Iowa’s fourth congressional district has 180,512 registered Republicans, 128,970 Democrats and 171,114 independents, according to the most recent data from the Iowa secretary of state’s website.
“It will be the independents that end up deciding the race,” said Dennis Ryan, the treasurer of the district’s Democratic Party. “This is the first time that he’s got a real serious challenge because of the redistricting.”
Still, King has another home-turf advantage: a record of constituent service that is recognized even by some Democrats.
“Regardless of party, Steve King was always willing to work with a constituent,” said Gregg Connell, a Democrat and the former mayor of Shenandoah in King’s former district. “He is very personable, very committed, believes in the issues that he supports but he always had time for me as a small-town mayor.”
Vilsack, who had already traveled the state as first lady, said grassroots campaigning is “what I do best.” She said she enjoys visiting a grocery-store deli counter and usually gets invited to a table of people having their morning coffee. “I call that coffee-shopping,” she says, adding that she’s allowed to invent words because she’s an English teacher.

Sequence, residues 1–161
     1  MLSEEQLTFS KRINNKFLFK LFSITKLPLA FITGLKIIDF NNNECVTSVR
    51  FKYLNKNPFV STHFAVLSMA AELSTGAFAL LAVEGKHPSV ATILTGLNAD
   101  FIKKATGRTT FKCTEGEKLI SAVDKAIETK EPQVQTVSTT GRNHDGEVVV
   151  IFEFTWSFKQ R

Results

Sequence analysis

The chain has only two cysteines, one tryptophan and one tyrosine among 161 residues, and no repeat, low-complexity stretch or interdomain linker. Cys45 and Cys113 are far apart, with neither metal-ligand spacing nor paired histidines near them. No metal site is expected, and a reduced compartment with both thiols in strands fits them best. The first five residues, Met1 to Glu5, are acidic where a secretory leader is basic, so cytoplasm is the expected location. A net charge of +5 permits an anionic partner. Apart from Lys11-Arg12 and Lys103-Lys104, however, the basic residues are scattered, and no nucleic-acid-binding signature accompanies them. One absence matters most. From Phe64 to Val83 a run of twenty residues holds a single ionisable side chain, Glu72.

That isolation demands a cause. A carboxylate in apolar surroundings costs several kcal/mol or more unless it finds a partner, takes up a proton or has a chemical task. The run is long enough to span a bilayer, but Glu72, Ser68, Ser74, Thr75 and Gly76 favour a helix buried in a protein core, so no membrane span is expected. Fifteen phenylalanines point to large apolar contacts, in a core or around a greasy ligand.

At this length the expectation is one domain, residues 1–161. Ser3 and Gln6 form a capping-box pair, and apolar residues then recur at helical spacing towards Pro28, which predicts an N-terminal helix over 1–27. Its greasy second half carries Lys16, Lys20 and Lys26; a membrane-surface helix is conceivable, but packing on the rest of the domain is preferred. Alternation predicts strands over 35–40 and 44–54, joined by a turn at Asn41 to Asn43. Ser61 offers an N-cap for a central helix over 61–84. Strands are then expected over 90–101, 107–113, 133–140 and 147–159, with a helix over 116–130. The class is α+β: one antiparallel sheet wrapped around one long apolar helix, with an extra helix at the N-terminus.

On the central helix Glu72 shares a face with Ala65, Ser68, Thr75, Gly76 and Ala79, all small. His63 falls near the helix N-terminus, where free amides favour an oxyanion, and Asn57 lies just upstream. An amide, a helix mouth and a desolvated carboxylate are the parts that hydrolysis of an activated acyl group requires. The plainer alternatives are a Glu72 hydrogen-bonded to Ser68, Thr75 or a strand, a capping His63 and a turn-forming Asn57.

“I see the job very locally,” she said.
Vilsack also has a national profile: she endorsed Senator John Kerry for president in 2004 and delivered a prime-time speech at the Democratic convention that year before Barack Obama’s headline speech. The Vilsacks also received advice from the Clintons during their time as Iowa’s first Democratic family in more than three decades. Now, Clinton is helping out again.
Though she has debated King several times, Vilsack said she had to overcome nervousness about speaking in front of crowds. She recalled that her fifth-grade teacher made her practice belting out her book reports because she was so soft-spoken.
“Believe me, that 10-year-old girl shows up every time I have to go up there on the stage and have to debate,” she said.
Vilsack is the only Democratic opponent King agreed to debate. “To me, it is an indication that he really thinks he needs to pump up his visibility,” Schmidt said.